The Road to Recovery

Our divorce was final in 2011, and we have joint physical and legal custody of the children, though it’s two thirds with her and one third with me. We still battle over the shared custody—it’s a continuation of the power and control she likes to exert. 

Recovery has been a long and painful process. I went to First Step for counseling—they are trained trauma counselors. They were like a breath of fresh air. At that point, if someone told me the sky was green I would have believed them—I was so gaslighted and confused. I felt like my entire world had shimmered and disappeared. I was living in a false reality she put there with her gaslighting, and when that got stripped away I was devastated. 

I also went to a Muslim-run agency. They understand the dynamics of the community, and how important religion is to me. 

Support groups are helpful, though they can be challenging for men. When my social worker invited me to a support group she had to ask all the women in the group if it was OK first.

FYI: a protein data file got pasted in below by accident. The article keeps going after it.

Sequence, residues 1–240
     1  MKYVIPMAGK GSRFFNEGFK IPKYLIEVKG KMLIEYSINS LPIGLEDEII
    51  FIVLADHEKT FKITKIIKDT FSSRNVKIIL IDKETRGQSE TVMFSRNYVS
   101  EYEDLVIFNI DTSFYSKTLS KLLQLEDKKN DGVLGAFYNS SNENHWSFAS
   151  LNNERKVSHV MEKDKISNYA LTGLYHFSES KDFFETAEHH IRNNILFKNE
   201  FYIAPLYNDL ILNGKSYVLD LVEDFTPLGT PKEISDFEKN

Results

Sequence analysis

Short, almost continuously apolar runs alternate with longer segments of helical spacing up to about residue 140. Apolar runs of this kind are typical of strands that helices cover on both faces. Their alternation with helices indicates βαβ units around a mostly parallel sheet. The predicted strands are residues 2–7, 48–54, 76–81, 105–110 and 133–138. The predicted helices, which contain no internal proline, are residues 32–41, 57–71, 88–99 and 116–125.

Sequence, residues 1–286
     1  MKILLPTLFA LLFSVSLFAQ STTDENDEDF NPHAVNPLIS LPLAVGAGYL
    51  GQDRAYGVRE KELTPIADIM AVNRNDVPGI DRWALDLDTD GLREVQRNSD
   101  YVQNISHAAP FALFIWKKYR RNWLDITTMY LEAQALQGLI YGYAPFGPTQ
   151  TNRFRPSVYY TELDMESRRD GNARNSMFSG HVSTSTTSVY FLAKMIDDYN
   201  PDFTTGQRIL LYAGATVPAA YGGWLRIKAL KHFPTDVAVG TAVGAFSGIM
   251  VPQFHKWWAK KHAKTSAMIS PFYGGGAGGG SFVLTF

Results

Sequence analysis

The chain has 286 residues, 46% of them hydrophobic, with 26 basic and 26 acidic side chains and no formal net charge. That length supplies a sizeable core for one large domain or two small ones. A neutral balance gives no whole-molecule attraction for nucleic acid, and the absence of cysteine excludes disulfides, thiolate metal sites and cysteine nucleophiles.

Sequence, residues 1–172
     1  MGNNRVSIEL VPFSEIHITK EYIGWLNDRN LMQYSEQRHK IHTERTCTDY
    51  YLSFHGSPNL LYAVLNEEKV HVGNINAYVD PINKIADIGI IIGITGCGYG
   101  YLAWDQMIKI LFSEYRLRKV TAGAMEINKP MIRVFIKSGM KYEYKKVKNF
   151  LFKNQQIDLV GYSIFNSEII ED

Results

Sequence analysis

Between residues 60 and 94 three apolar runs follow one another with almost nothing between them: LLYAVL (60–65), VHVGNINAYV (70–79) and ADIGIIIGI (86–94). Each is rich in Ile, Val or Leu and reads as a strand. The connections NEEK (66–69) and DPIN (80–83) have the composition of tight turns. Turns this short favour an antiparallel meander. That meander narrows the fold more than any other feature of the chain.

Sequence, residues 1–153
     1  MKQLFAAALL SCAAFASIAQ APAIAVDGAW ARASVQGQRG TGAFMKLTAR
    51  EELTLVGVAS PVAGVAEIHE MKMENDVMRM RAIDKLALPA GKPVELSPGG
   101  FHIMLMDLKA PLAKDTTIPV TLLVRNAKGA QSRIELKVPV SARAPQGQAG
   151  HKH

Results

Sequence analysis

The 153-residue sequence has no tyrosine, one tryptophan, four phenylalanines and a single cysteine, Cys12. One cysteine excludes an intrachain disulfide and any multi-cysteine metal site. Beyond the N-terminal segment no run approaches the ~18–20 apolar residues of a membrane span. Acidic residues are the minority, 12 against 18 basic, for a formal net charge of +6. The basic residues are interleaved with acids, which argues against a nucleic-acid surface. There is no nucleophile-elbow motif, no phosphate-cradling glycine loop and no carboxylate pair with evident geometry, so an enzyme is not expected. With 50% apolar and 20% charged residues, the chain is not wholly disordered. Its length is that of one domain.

It helped me to read the book, Why Does He Do Thatby Lundy Bancroft, even though I had to cross out “he” and change it to “she.” Things started to make sense. I didn’t know why my ex was attacking me when I was trying to leave. But she wanted her power and control. Another book that was helpful was A Primer on Evil by T. Park. 

Financially, I’m recovering. When my ex kicked me out of the community I lost most of my clients. I’m finding other groups to bring me business. My family has helped me. I’m getting back to where I was before. My kids are very happy when they’re with me, and we have a lot of fun together.

Male survivors of domestic violence come from all walks of life. Read Gus Brock’s story of survival for another perspective.